Later on, we had a head of nursing in visceral surgery who really encouraged me and took me along as a leader. It was a steep path at the beginning without any management experience. A lot was demanded of me, and then I demanded even more of myself. But she really guided me and I learnt a lot from her.

Looking back, these were certainly the most formative personalities, but there are also several people here at Zollikerberg Hospital who inspire me. But I think such personalities are even more influential at the beginning of a career.

What drives you in your work? What are your main motivators?

I've probably always been more of a doer type, someone who likes to get stuck in and isn't afraid to put myself out there. My biggest motivation is definitely my employees. What I find particularly cool is seeing how they develop - and you automatically develop with them. Over the years, we have become better together, both in terms of conflict resolution and our performance.

Then there's the work in the hospital with the patients and their relatives, which I still find extremely exciting. I used to be particularly fascinated by cutting-edge medicine, especially visceral surgery. Here at Zollikerberg Hospital, I opted for operations and came into contact with acute geriatrics - and I have to say, I think it's extremely cool. I am confronted with incredible stories and am always surprised at how older, elderly people manage to leave hospital independently. That really is an amazing realisation. The way we deal with patients in acute geriatrics is also completely different.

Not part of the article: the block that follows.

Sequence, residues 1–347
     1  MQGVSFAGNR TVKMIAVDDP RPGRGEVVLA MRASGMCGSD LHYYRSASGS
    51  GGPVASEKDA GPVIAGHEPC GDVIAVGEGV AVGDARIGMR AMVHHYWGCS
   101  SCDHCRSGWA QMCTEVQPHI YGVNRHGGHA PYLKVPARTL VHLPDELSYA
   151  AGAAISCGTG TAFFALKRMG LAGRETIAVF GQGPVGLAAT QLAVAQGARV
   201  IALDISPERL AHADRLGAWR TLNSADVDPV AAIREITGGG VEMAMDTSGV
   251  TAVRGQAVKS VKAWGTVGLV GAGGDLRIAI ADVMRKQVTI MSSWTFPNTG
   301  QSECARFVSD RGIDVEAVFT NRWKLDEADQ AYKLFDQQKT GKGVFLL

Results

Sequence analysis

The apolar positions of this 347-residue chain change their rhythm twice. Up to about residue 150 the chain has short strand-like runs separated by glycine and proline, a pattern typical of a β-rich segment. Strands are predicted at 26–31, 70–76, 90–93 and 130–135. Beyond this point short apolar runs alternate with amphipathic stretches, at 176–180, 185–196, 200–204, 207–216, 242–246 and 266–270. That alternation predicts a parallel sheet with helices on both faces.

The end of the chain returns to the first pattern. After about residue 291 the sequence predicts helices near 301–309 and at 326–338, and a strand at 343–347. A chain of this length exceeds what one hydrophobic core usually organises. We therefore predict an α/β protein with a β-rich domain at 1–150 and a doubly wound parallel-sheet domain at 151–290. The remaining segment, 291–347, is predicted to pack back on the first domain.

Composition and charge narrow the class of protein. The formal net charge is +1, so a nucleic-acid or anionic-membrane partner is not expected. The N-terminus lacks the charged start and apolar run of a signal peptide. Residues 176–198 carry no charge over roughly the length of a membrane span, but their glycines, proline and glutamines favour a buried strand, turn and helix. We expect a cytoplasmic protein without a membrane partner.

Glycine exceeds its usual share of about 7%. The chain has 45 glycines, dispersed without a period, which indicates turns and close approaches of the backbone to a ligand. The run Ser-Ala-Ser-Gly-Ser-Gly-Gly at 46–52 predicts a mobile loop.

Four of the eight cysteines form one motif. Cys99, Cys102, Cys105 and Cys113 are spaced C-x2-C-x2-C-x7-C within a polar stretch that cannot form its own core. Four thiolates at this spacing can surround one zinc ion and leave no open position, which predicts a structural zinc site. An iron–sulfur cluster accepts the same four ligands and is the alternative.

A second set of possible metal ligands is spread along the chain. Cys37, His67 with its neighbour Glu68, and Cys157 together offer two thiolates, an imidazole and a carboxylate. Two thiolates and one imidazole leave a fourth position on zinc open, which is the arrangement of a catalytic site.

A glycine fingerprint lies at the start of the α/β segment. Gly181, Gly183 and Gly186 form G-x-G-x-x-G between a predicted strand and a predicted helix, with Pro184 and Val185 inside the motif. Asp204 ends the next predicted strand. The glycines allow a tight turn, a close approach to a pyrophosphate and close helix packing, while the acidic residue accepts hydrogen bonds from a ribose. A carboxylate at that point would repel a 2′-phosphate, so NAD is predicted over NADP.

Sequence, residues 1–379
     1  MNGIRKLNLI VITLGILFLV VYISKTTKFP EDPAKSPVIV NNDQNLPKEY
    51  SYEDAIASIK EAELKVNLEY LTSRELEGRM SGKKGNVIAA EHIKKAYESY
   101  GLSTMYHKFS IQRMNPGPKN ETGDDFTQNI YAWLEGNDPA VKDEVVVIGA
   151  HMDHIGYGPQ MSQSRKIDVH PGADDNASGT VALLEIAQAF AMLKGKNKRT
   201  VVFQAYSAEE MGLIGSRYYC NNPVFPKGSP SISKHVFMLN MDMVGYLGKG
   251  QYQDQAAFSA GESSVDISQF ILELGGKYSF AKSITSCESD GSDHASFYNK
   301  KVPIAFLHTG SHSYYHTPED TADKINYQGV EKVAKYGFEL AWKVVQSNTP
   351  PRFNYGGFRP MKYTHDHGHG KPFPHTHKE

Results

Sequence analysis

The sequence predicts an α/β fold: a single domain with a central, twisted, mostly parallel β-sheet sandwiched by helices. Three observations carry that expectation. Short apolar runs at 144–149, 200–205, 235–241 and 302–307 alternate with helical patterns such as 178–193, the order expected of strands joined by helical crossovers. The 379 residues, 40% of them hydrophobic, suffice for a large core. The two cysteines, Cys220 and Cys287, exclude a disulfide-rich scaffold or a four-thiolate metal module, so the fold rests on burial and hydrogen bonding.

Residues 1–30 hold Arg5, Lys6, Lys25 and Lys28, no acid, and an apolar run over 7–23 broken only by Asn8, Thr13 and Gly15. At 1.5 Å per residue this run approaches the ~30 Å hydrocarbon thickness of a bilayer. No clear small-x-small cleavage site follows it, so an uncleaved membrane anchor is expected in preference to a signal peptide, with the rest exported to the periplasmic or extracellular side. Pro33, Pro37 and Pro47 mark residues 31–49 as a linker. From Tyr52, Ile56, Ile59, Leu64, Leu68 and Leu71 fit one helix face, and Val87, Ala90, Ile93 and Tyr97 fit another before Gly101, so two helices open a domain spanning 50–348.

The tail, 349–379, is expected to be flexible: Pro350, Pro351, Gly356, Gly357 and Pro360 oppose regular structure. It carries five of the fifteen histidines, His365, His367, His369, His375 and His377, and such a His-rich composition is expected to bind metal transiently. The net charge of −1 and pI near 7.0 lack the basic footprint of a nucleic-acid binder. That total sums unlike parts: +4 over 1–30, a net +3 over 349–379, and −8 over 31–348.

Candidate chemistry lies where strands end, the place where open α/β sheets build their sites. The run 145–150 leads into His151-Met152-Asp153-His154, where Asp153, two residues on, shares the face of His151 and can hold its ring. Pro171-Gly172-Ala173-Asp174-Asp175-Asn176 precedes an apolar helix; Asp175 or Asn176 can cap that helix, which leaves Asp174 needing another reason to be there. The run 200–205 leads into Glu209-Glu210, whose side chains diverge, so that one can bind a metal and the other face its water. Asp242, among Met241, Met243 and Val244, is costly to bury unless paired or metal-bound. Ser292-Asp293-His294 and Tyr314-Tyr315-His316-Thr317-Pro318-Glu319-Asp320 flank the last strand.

Was there ever a moment when you doubted your career choice - and if so, how did you deal with it?

I've definitely had moments like that in my life. I didn't originally work in nursing from the outset, but first completed an apprenticeship as a carpenter. I worked in this profession for four years, which I really enjoyed. Between the ages of 20 and 25, I also became fascinated by the hospital sector. During recruit school, I had the opportunity to do an internship in the emergency department, which really fascinated me. At that time, I decided to start the DN II training programme (diploma level 2), even if it meant giving up something.